Study Finds Racial Bias in Split-Second Decision-Making on Who Is Dangerous

A new study by researchers at the University of Colorado and San Diego State University finds that both college students and police officers exhibit racial bias when confronted with split-second decisions on who is dangerous and who is not.

Subjects were asked to play a video game where people of various ethnicities pop into view. In some cases the individuals were carrying guns or other weapons. In other cases they were unarmed or holding other devices such as cellphones. Players were told to “shoot” the threatening people but not the unarmed people.

The results show that Blacks were most likely to shot at, followed by Hispanic, Whites, and Asians. Police officers, who were from 11 states, were better able to identify threatening suspects than the college students, but the police officers were still more likely to shoot Blacks and Hispanics.

Joshua Correll, an associate professor of social psychology at the University of Colorado and one of the authors of the study, stated that students who showed no biases during the interview process did exhibit bias during the video game. “I may not believe it personally,” Correll said, “but I am exposed to stereotypes —  such as the idea that young Black men are dangerous — constantly through media or social networks. Those associations can have an influence on my behavior even if I don’t believe them.”

The research, funded by a grant from the Russell Sage Foundation, was published in the Journal of Social Issues and can be accessed here.

Related Articles

1 COMMENT

  1. Whaw, my radio show is actually doing a special series where mothers are sharing their stories of how their young Black sons got gunned down and were killed by police officers. By the way, these young men DID NOT HAVE ANY WEAPONS ON THEM. However, each police officer stated that “…I felt threatened for my life…”, even though they had not seen a gun displayed by these young Black men. Yet they shot them in cold blood. So we are having their mothers speak out on my radio show of the injustice. (These cops usually walk). I sure will be sharing this study to confirm the stereotyping and fear taking place in our society when it comes to people of color and especially our Black males. A timely study. Maybe you’ll consider coming on my talk show to share more of your thoughts from this study!!! Yes? To think you could find all this from a video game. Whaw!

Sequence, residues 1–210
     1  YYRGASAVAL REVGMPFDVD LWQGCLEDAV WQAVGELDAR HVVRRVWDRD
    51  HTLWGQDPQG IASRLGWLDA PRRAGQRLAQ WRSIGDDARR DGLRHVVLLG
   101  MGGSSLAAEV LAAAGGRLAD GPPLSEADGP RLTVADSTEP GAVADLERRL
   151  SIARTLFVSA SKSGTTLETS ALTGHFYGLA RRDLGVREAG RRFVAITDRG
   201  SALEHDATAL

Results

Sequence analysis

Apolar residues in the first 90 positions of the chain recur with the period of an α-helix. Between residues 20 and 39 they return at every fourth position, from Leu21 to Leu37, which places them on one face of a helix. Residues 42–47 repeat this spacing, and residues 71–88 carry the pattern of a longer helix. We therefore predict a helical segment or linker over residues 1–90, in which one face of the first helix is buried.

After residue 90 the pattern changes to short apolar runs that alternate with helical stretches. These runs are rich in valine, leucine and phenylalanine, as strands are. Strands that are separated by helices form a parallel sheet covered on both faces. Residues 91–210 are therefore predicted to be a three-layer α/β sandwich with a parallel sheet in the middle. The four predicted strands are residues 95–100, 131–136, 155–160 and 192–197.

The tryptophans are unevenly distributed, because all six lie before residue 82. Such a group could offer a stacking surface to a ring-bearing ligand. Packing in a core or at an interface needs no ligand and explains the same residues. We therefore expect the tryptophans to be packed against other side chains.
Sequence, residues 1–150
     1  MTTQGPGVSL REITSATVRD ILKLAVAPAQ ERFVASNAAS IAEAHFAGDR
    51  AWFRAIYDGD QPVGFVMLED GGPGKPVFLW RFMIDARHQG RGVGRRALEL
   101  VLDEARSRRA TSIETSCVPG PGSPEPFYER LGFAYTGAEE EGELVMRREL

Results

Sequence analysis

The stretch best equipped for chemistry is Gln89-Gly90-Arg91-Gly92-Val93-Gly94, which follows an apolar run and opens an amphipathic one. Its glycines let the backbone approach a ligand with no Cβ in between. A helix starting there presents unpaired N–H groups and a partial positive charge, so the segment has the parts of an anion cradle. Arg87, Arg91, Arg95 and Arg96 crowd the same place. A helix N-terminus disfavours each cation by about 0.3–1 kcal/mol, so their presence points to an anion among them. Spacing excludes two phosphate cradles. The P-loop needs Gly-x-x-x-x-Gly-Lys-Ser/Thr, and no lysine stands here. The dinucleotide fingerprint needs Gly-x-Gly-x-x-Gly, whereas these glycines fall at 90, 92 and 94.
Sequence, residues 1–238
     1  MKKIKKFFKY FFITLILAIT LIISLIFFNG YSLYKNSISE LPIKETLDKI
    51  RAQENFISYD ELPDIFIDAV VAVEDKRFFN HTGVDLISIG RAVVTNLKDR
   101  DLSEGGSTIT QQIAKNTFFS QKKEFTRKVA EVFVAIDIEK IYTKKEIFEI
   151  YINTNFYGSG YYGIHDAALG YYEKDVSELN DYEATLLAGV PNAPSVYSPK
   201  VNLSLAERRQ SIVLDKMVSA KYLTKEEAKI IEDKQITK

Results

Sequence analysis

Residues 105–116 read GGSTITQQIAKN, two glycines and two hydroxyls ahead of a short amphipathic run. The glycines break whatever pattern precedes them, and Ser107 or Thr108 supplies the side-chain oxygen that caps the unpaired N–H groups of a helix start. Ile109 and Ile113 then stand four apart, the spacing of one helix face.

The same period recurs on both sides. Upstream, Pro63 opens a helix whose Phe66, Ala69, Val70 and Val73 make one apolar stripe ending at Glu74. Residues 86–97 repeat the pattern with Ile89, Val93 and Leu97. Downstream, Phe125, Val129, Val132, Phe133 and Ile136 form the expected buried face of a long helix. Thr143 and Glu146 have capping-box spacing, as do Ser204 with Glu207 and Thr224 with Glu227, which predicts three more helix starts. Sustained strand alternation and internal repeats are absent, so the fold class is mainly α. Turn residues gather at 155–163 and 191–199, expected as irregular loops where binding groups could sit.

Leave a Reply

Get the JBHE Weekly Bulletin

Receive our weekly email newsletter delivered to your inbox

Latest News

All in the Family

Nelson Mandela once stated, “Education is the most powerful weapon we have to change the world.” One family that has taken that sentiment to heart is the Millet family.

National Science Foundation Awards AI Research Grants to Four HBCUs

The National Science Foundation has awarded ExpandAI grants to Bowie State University, Savannah State University, Alabama A&M State University, and Clark Atlanta University. The funding aims to advance diversity and inclusion in artificial intelligence research.

Recent Books of Interest to African American Scholars

The Journal of Blacks in Higher Education regularly publishes a list of new books that may be of interest to our readers. The books included are on a wide variety of subjects and present many different points of view.

Online Articles That May Be of Interest to JBHE Readers

Each week, JBHE will provide links to online articles that may be of interest to our readers. Here are this week’s selections.

Featured Jobs